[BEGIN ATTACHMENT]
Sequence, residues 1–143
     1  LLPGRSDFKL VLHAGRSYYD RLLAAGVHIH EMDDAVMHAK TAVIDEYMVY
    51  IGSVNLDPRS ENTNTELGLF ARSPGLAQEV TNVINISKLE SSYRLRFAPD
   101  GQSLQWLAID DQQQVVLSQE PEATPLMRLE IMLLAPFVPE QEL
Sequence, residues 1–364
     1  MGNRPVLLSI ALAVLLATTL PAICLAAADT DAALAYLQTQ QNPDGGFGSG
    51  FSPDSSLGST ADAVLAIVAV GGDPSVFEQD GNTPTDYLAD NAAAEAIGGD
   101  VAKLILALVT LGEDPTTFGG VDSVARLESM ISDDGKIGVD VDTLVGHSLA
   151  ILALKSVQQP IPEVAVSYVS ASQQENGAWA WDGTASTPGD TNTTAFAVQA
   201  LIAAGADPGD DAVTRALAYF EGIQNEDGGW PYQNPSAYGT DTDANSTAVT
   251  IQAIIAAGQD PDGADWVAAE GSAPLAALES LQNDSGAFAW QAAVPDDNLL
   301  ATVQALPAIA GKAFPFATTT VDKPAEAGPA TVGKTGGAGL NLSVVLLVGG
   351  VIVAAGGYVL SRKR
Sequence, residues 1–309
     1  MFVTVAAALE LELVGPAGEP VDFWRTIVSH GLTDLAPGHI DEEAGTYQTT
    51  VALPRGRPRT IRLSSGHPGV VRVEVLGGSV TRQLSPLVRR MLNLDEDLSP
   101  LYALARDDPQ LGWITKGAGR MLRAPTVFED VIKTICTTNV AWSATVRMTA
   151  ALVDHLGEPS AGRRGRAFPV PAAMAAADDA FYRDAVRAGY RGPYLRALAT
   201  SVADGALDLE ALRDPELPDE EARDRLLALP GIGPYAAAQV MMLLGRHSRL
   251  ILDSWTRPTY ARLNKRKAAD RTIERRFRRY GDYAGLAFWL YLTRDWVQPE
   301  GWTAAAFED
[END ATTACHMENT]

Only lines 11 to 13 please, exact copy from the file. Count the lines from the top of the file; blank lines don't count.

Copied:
   251  IQAIIAAGQD PDGADWVAAE GSAPLAALES LQNDSGAFAW QAAVPDDNLL
   301  ATVQALPAIA GKAFPFATTT VDKPAEAGPA TVGKTGGAGL NLSVVLLVGG
   351  VIVAAGGYVL SRKR